Drew Brees and the Saints remain far apart on contract negotiations. (Ronald Martinez/Getty Images)

And this year in particular, the tag is being used like never before.

On Friday, ESPN’s Adam Schefter suggested as many as 25 teams could use their franchise tags this season — 11 more than the previous record of 14 (2011 and 2009) — and the dominoes are already falling. Ravens running back Ray Rice, Eagles wide receiver DeSean Jackson, 49ers safety Dashon Goldson and Redskins tight end Fred Davis are among the growing number of players to be slapped with the tag this week.

But one star who has yet to hear his name called is New Orleans Saints quarterback Drew Brees.

The 2011 offensive player of the year is set to become a free agent on March 13, and the latest word is that he and the Saints are still as far as $5 million per year apart in their negotiations.

Citing league sources, Schefter reports Brees — who last season broke Dan Marino’s single-season passing record — wants a deal that averages $23 million over the first three years. New Orleans has countered with a five-year, $18 million a year offer.

According to a CBSSports.com report, the Saints put an offer on the table before the 2011 season that would have made Brees the highest-paid player in the NFL. But Brees turned it down.

“He (general manager Mickey Loomis) offered Brees the highest-paid contract in the NFL,” a source told CBSSports.com’s Larry Holder. “Does that not equate with great or elite?”

The last line refers to a Yahoo Sports report on Thursday in which a league source said Loomis had referred to Brees as a “very good” but not “great” quarterback.

It’s hard to argue that the man who led the team formerly known as ‘The Aints’ to their first-ever Super Bowl title in 2010 is not a great quarterback. It’s also hard to argue that there’s Brees or the Saints would be as good as they are without one another. Sean Payton’s offense is the perfect fit for Brees and the 33-year-olds accuracy and coverage-reading skills are ideal for the New Orleans attack.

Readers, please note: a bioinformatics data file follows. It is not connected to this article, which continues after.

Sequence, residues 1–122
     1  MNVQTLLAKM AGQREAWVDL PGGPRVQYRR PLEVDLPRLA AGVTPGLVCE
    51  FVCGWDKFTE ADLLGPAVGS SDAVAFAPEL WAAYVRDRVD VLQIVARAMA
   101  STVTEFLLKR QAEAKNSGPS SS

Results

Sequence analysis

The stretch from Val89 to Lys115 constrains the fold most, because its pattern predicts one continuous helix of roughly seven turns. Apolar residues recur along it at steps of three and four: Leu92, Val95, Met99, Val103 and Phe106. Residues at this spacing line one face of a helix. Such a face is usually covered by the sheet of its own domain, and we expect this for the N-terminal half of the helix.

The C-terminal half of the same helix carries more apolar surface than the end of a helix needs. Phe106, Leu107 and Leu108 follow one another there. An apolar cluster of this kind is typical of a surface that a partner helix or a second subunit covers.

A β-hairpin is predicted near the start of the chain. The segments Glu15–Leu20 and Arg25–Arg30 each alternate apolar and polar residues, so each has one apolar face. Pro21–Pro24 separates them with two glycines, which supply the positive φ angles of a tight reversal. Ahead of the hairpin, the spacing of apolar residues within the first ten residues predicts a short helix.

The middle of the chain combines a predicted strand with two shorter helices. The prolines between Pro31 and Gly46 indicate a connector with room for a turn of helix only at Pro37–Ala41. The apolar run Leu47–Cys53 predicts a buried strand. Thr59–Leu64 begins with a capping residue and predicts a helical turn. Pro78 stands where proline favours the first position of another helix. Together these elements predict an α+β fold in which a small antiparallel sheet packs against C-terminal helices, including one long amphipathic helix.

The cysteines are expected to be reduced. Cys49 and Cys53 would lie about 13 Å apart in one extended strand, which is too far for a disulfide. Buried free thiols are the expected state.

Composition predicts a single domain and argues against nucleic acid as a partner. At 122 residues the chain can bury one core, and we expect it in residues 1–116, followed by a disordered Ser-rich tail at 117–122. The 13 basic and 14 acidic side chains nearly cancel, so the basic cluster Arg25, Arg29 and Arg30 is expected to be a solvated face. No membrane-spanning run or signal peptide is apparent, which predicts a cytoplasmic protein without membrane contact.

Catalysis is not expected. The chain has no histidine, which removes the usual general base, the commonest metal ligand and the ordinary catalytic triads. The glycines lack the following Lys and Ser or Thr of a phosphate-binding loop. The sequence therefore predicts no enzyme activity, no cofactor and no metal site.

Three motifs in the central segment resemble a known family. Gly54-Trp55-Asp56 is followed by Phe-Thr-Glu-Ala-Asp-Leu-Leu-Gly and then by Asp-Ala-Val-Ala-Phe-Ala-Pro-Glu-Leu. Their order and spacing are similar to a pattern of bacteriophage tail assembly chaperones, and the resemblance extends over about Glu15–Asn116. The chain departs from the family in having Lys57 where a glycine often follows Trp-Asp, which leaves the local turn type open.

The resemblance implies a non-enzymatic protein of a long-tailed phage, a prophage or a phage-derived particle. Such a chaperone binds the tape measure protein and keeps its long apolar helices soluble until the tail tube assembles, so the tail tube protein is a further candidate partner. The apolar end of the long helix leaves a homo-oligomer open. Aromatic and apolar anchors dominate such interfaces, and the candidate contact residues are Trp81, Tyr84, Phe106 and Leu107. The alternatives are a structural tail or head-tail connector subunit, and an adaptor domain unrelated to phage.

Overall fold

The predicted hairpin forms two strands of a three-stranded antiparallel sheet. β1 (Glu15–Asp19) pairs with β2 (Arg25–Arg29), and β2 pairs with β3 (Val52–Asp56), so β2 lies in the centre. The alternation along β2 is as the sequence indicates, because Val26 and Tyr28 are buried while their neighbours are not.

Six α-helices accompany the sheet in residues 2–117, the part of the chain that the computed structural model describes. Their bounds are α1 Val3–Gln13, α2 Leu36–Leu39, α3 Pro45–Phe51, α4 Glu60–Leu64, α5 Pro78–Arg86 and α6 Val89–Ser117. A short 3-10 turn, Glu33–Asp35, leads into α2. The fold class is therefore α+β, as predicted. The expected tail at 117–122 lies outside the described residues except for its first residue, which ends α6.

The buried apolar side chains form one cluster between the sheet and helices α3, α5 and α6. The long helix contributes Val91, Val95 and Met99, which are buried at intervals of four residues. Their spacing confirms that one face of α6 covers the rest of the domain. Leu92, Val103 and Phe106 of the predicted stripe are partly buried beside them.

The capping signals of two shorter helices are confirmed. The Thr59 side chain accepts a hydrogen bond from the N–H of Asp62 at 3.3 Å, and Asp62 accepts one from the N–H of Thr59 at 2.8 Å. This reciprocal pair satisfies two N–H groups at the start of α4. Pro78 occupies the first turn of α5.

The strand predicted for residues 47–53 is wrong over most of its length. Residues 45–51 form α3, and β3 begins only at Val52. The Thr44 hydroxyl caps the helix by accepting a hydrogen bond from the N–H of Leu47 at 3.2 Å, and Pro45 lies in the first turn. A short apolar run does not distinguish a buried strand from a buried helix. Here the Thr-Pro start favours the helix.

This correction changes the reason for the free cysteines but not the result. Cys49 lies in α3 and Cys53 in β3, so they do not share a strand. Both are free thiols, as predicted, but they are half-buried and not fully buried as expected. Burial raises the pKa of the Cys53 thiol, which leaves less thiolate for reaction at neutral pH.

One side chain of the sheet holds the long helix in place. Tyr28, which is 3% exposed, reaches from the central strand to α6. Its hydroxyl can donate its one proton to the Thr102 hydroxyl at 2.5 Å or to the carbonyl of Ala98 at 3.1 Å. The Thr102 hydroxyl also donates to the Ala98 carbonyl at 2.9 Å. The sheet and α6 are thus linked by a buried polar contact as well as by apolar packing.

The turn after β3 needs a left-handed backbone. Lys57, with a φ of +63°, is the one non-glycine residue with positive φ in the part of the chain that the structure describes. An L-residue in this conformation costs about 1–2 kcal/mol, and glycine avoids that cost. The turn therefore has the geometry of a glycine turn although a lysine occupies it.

But if the Saints and their star QB can’t close the gap quickly, they may be forced to pull out the franchise tag trump card — and risk losing Brees much sooner than they had hoped. Monday is the league’s franchise tag deadline.

Meantime, the Ravens have already locked up their top offensive weapon — at least for now. As Mark Maske reports:

The Baltimore Ravens placed their franchise-player tag on tailback Ray Rice, the team announced.
“As we have in the past, placing the franchise designation on a player allows us to keep negotiating on a long-term contract,” Ravens General Manager Ozzie Newsome said in a written statement released by the team. “Our goal is to keep Ray Rice a Raven. We’ve done this with other outstanding players through our history, including Haloti Ngata a year ago.”
   Rice ran for 1,364 yards and 12 touchdowns last season. He has topped 1,200 rushing yards in each of the past three seasons.
The Ravens also announced that they’d released wide receiver Lee Evans and cornerback Chris Carr. The team placed running back Ricky Williams on the reserve-retired list. Williams previously announced his retirement.

Teams who have already used their franchise tags:

49ers - S Dashon Goldson

Cardinals - DE Calais Campbell

Eagles - WR DeSean Jackson

Falcons - CB Brent Grimes

Raiders - S Tyvon Branch

Ravens - RB Ray Rice

Redskins - TE Fred Davis

More from Washington Post Sports:

Saints had bounty system that paid for injuring opponents

Insider: Redskins use tag on Fred Davis

Ravens use franchise tag on Ray Rice

Eagles tag wide receiver DeSean Jackson

Raiders keep Tyvon Branch off the market